Nudist beach opening clouded with confusion

The naturists’ bus parked at Mpenjati beach over the weekend.

AFTER months of applications, appeals and public backlashes, hundreds of naturists descended on the Mpenjati beach near Trafalgar over the Easter weekend for some fun in the sun.

However, the naturists first ‘trial-run opening’ on the secluded part of the beach last Friday started clouded in confusion.

When Reverend Mike Effanga, chairman of the Concerned Citizens of the Hibiscus Coast Municipality noted a gathering of naturists on the beach, he, together with police, visited Mpenjati beach.

Rev Effanga told the group of naturists that they were contravening the municipal by-law. He gave them a copy of the  by-law and informed them that the beach had not yet officially received final approval and designation as a nudist beach.

He pointed out that HCM still had to take a decision whether to rescind its decision, based on a presentation by himself on behalf of CCG, as well as the opinion of the KZN provincial authorities.

“That decision was deferred by HCM council until the next full council meeting later this month,” said Rev Effanga.

In response, the naturists put their clothes back on. Acting station commander of Margate police station, Lieutenant-Colonel Sipho Thabethe arrived and, after many phone calls, he finally got hold of HCM speaker, Ronnie Nair.

According to Rev Effanga, Mr Nair said that the final approval decision had been taken and that the area had been designated for the naturists. They should carry on enjoying themselves.

“Upon hearing this, they then promptly took their clothes off,” said Rev Effanga.

He told the Herald that Mr Nair had given the naturists the ‘illegal green light’ to violate municipal by-laws, Section 5.1 and 5.2, which had not been changed.

“HCM has undemocratically and illegally handled this process,” he added.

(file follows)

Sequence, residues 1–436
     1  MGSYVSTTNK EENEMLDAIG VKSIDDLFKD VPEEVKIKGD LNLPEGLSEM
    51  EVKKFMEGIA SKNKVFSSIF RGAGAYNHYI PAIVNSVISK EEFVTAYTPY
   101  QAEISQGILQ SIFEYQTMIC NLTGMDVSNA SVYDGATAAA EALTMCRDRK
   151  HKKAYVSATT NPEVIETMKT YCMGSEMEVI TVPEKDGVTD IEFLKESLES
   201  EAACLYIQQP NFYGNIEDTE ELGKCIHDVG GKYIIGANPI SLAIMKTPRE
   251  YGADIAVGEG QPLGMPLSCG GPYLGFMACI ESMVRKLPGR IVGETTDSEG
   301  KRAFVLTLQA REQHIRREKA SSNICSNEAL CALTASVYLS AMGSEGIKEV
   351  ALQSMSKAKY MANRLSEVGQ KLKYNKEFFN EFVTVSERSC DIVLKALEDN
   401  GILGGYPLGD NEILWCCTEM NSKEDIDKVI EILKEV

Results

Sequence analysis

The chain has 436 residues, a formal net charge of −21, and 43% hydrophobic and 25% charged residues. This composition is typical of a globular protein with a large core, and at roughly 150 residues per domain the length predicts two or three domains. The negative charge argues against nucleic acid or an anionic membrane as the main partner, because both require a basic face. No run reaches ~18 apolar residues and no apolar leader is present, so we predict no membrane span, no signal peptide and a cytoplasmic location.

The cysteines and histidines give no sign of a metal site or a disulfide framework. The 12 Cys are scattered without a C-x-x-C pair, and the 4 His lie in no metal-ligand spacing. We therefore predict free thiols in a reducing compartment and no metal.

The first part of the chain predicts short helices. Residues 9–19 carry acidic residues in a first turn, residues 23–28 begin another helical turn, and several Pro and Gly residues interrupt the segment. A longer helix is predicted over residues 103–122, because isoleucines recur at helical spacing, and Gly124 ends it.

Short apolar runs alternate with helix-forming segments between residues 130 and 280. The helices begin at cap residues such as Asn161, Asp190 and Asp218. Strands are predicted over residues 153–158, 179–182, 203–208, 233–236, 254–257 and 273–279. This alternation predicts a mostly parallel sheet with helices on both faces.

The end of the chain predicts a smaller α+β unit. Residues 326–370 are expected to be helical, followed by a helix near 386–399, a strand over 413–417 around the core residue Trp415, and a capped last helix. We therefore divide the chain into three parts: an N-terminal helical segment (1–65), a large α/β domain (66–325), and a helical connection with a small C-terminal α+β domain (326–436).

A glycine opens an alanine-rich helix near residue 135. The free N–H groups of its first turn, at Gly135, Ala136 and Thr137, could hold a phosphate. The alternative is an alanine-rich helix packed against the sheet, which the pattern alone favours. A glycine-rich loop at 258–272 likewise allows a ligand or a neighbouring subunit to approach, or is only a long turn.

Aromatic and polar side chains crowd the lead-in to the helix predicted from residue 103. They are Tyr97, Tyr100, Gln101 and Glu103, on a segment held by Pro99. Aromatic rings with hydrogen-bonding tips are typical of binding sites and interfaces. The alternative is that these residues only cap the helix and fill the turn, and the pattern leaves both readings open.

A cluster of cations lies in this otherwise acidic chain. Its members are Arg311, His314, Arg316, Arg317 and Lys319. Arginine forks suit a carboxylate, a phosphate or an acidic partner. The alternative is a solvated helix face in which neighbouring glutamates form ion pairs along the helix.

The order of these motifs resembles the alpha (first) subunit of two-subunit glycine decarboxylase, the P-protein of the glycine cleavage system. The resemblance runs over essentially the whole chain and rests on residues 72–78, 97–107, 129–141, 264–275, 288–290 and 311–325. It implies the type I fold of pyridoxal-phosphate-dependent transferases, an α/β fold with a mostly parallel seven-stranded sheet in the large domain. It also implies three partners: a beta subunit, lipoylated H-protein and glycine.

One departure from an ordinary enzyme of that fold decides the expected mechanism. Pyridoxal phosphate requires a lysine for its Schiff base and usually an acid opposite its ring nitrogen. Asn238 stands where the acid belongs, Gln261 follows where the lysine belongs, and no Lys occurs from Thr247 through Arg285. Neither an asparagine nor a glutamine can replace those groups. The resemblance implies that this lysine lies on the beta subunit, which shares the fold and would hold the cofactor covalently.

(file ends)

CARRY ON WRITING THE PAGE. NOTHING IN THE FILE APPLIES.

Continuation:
He said that meetings with community leaders and pastors would be held to discuss a legal way forward and they will also approach the public protector, Thuli Madonsela.

Simon April, spokesman for HCM, said  when council took a resolution to approve the application on October 28, it relaxed Section 5.1 and 5.2 of the beach by-laws for that demarcated area of the beach.

He went on to say that the issue of officially opening the beach is optional and the municipality had taken a stance of indefinitely postponing it as there were engagements with the Concerned Citizens of HCM.

He explained that, while the municipality discouraged use of the beach until everything was finalised, it should be noted that there was no wrong-doing by the naturists as the decision of council was still in existence.

Mr April said the municipality was still processing the submissions by the Concerned Citizens and it was hoped that council would be able to take a decision in the near future.

“The municipality, for now, together with the naturists, has erected warning signs on the beach and also the Code of Conduct,” he added.

Serge Pavlovic, national chairperson of the South African National Naturists’ Association, said he was ‘over the moon’ about the weekend, describing it as a ‘great success and absolutely fantastic’.

“We have received no complaints, only positive responses and feedback,” he said. He thanked the local authorities for the manner in which they handled Friday’s incident and said that they would continue to co-operate with HCM.

Mr Pavlovic said this was a massive tourism boost for the South Coast, with people visiting from around South Africa. He added that a tour operator from Europe had visited the beach at the beginning of March as he was interested in starting up specialised naturist tours.


Shona Aylward

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